“Let Me Die, But for the Love of God, the Son of Saint Mary, Do Not Surrender the Town.”

August 8, 2019

City of Narbonne in south of France, and the Saint Just cathedral, viewed from the Gilles Aycelin dungeon. Photo by Benh.

It was in obedience to the voice of duty solely, that in another of our poems (one little known) the aged Ameri of Narbonne, who had lived a hundred years, spotless and fearless, stood boldly up before the Muslim and refused to acknowledge Muhammad. They beat the aged man with briars and rods, they cut into his living flesh, they prepared the woodpile to burn him, and the Narbonnais could hear the crackling of the flames which were soon to devour him. Nothing daunted him; and perceiving on the ramparts his wife, Ermengart, who was a weeping spectator of this horrible punishment, he cried to her—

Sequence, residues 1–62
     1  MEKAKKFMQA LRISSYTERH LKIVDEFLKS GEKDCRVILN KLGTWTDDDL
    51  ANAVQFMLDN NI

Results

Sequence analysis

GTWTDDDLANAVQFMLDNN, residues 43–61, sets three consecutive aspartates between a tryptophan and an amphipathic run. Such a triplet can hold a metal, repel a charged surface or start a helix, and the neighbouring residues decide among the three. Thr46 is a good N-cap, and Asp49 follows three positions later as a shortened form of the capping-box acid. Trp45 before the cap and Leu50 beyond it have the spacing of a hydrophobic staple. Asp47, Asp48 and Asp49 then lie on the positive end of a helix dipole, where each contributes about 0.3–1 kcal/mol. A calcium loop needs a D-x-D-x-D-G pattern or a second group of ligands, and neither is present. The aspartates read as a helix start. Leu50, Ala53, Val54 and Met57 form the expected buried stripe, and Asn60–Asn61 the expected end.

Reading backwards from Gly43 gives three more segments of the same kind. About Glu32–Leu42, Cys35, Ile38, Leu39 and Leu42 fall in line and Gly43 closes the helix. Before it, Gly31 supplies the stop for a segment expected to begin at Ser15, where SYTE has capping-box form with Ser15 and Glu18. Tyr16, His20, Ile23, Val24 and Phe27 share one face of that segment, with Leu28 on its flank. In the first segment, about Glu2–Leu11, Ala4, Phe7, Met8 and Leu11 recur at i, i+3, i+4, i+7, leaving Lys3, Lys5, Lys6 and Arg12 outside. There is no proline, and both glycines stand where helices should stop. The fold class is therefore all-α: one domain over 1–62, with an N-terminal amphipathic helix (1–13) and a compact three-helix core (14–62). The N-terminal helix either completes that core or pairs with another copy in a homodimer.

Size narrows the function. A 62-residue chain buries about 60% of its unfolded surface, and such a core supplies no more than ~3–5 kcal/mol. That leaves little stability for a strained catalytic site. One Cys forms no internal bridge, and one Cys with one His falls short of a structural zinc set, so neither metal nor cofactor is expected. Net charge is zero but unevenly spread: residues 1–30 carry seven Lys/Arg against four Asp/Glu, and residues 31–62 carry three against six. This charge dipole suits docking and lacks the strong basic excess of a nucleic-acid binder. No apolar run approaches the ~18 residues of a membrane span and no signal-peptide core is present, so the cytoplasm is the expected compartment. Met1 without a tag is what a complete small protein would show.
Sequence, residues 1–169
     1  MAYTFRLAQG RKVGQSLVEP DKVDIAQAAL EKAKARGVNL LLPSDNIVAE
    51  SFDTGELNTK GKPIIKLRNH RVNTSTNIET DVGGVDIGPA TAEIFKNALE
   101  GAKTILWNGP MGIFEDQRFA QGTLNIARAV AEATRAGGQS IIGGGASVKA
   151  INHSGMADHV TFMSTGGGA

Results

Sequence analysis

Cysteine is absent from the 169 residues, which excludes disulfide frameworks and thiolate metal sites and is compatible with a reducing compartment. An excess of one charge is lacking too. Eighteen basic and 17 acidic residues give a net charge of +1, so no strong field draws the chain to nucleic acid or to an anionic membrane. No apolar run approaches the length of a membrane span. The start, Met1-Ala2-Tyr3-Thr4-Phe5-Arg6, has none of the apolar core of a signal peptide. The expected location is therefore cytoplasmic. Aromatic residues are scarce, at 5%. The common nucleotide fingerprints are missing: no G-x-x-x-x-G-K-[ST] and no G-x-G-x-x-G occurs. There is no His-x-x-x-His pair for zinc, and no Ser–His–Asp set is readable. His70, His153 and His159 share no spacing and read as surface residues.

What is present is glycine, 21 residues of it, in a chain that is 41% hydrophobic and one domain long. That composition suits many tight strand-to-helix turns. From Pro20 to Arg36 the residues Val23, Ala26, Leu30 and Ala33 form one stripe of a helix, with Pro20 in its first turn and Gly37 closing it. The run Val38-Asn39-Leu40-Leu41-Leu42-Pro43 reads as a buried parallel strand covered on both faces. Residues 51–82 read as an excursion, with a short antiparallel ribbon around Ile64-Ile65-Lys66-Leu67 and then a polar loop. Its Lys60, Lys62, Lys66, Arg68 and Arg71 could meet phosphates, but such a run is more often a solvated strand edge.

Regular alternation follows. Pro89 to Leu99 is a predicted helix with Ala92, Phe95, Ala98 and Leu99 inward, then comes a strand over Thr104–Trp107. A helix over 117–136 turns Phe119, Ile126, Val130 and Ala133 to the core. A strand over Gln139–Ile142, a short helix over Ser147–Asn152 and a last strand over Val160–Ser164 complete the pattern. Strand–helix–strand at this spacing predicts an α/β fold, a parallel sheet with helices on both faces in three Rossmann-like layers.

“Let me die, but for the love of God, the son of Saint Mary, do not surrender the town.”

León Gautier, Chivalry, trans. Henry Frith (London: George Routledge and Sons, Ltd., 1891), 37.

Short Stories on Honor, Chivalry, and the World of Nobility—no. 686

 

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